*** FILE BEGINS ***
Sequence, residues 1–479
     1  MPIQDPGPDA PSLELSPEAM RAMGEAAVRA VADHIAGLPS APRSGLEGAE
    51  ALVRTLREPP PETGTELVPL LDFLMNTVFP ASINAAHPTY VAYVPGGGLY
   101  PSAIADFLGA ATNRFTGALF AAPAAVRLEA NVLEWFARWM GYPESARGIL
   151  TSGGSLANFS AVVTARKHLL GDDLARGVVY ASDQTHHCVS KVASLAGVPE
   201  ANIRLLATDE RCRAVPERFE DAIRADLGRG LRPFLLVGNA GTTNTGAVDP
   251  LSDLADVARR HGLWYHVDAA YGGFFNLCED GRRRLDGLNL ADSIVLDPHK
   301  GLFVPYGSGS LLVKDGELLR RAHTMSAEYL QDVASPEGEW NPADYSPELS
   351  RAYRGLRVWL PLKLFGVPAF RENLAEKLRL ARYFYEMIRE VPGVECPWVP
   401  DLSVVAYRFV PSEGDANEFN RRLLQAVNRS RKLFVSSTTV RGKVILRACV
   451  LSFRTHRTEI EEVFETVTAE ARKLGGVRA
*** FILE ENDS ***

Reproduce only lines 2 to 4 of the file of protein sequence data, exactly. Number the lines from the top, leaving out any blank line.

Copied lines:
     1  MPIQDPGPDA PSLELSPEAM RAMGEAAVRA VADHIAGLPS APRSGLEGAE
    51  ALVRTLREPP PETGTELVPL LDFLMNTVFP ASINAAHPTY VAYVPGGGLY
   101  PSAIADFLGA ATNRFTGALF AAPAAVRLEA NVLEWFARWM GYPESARGIL